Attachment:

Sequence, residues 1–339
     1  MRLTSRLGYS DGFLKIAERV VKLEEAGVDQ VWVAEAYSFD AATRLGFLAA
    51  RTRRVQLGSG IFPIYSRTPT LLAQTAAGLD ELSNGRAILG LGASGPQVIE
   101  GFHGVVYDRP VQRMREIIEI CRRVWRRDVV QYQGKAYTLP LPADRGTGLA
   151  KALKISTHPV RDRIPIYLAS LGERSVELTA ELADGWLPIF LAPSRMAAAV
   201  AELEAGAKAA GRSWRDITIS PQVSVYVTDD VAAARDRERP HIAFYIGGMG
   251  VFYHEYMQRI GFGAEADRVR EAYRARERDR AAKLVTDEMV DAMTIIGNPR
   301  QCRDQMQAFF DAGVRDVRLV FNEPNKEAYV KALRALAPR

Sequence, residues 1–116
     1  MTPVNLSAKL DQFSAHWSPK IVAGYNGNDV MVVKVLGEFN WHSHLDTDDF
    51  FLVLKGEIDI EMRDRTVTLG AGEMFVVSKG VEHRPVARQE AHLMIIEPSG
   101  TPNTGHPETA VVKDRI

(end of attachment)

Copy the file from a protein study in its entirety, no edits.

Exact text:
Sequence, residues 1–339
     1  MRLTSRLGYS DGFLKIAERV VKLEEAGVDQ VWVAEAYSFD AATRLGFLAA
    51  RTRRVQLGSG IFPIYSRTPT LLAQTAAGLD ELSNGRAILG LGASGPQVIE
   101  GFHGVVYDRP VQRMREIIEI CRRVWRRDVV QYQGKAYTLP LPADRGTGLA
   151  KALKISTHPV RDRIPIYLAS LGERSVELTA ELADGWLPIF LAPSRMAAAV
   201  AELEAGAKAA GRSWRDITIS PQVSVYVTDD VAAARDRERP HIAFYIGGMG
   251  VFYHEYMQRI GFGAEADRVR EAYRARERDR AAKLVTDEMV DAMTIIGNPR
   301  QCRDQMQAFF DAGVRDVRLV FNEPNKEAYV KALRALAPR

Sequence, residues 1–116
     1  MTPVNLSAKL DQFSAHWSPK IVAGYNGNDV MVVKVLGEFN WHSHLDTDDF
    51  FLVLKGEIDI EMRDRTVTLG AGEMFVVSKG VEHRPVARQE AHLMIIEPSG
   101  TPNTGHPETA VVKDRI